Firms that have outsourced effectively have found that the key to success is to give up the work but not the control. As a result, almost 90% of those that have outsourced in this way have no intention of retracting. But maintaining control depends upon choosing the right partner and structure.
While cost savings may be the initial trigger towards outsourcing, the benefits go much deeper and wider than the bottom-line. The reality is that outsourcing can herald a new era of improved flexibility for an organization, underpinned by enhanced operations. Risk is managed through agreed service levels, costs are fixed at an all-in rate with no hidden elements, and staffing complications are removed. Organizations end up developing a nimbleness that truly allows them to keep up with the fast-paced market - whether that involves molding, downsizing, ramping up, or even shifting strategy altogether.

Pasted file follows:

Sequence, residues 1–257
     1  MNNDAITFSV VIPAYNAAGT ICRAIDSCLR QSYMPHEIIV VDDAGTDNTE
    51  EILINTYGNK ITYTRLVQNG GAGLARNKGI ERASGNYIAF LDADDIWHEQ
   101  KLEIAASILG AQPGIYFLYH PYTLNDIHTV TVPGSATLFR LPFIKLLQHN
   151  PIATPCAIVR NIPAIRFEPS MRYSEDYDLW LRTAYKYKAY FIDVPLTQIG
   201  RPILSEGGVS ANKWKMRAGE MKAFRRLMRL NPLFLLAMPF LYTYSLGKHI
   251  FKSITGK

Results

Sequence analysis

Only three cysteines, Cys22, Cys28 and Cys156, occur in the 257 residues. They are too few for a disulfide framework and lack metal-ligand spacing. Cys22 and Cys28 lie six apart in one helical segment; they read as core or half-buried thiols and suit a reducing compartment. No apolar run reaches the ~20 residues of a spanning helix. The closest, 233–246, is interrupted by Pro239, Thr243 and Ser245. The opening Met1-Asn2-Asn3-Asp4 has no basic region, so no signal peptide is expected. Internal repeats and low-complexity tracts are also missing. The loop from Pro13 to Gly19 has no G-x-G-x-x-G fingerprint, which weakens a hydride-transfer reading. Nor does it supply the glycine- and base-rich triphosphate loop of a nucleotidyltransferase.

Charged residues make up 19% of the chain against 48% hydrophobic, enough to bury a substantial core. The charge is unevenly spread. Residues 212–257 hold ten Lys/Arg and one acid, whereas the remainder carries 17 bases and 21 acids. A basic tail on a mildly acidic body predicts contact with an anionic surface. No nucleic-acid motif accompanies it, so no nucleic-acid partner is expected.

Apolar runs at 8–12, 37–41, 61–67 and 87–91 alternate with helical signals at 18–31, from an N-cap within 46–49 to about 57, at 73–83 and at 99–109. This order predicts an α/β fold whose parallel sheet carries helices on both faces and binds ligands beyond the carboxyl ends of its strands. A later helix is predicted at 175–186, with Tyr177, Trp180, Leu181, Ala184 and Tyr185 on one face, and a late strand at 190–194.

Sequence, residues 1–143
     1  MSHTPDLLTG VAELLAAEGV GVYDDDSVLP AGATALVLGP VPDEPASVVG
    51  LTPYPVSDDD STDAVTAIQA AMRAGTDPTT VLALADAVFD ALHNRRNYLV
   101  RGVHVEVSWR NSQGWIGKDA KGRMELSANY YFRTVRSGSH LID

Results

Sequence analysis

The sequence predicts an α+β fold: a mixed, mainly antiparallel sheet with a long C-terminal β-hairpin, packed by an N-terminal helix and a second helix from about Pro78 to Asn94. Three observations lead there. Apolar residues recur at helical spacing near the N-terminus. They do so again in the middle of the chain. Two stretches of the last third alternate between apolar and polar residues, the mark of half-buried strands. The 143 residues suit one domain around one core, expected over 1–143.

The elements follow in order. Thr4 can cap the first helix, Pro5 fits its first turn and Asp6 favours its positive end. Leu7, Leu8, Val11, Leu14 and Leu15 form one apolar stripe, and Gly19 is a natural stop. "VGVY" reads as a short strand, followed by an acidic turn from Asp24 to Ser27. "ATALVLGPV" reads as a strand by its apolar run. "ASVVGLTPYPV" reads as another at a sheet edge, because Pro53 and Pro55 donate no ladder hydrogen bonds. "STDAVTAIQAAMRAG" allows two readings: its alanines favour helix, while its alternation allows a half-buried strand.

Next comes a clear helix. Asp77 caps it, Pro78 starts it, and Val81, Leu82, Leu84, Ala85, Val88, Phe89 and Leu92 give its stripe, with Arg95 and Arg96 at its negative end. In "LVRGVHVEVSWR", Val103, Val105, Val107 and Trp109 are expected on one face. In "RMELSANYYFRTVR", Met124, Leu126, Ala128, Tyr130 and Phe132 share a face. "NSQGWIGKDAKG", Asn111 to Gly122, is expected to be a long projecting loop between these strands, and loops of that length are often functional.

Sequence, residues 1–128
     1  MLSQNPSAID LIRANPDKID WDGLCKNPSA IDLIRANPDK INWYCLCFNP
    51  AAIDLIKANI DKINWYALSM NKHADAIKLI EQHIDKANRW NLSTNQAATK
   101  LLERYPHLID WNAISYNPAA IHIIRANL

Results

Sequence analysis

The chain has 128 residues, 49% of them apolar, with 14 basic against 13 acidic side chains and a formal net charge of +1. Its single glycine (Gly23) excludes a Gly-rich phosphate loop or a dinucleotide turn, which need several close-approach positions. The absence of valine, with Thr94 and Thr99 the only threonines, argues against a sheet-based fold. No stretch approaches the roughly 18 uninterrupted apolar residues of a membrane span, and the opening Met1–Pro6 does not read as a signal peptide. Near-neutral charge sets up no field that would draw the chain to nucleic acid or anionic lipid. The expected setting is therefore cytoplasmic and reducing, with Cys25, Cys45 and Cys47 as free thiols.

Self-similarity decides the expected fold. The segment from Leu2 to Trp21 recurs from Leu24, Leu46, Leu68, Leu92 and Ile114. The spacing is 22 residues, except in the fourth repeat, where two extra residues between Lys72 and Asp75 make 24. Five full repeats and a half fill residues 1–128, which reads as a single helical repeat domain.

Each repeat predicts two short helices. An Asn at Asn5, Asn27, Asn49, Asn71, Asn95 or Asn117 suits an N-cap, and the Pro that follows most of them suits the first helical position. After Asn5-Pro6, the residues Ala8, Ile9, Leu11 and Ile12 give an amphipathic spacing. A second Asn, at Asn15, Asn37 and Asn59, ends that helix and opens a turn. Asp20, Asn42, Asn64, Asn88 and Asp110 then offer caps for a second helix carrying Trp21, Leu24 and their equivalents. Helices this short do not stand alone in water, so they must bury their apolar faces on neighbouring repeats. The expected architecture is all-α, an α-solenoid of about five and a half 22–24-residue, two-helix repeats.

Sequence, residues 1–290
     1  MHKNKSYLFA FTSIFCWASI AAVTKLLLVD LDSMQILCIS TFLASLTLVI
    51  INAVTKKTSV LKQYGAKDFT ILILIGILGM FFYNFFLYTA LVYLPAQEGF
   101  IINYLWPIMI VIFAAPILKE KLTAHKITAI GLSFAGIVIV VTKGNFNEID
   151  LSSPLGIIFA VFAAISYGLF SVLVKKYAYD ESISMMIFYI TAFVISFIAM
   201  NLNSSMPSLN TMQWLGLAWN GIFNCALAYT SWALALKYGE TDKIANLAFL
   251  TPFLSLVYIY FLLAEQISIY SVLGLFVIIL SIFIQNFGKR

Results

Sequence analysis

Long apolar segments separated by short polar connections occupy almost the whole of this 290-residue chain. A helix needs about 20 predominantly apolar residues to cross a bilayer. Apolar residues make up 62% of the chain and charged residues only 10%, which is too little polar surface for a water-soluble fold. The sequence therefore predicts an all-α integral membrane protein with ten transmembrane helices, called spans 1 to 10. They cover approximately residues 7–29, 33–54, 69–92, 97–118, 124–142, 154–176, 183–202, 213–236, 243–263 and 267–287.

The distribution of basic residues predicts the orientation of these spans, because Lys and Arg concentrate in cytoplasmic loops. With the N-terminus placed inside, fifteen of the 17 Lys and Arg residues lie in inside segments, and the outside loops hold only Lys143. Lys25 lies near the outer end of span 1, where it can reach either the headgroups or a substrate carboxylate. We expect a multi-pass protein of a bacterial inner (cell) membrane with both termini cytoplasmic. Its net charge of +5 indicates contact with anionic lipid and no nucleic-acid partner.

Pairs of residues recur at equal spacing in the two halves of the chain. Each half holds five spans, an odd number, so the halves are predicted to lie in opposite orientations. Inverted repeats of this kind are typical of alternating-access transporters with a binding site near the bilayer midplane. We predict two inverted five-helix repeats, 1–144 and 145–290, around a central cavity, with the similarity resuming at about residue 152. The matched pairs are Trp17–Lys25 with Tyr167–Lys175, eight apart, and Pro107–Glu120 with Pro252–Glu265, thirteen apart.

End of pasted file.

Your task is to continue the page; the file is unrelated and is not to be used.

Agility: Financial market volatility is nothing new, but outsourcing offers the mechanism to respond. Revenue is variable and so costs need to move accordingly in order to meet future trends that are not yet known, and cannot be predicted. Operational Excellence: Outsourcing to a trading services provider brings access to international best practices without the costly overhaul of the in-house environment (process, infrastructure, and people). Partnering with industry specialists means gaining access to specialized expertise and modern working methods that may not be available internally, and would take a disproportional effort to institutionalize.
Risk Mitigation: Moving towards an outsourcing model reduces risk on several fronts, but the primary factor is the ability to truly control end-to-end trading support processes, which are in-turn executed in a more consistent, predictable, and centralized manner.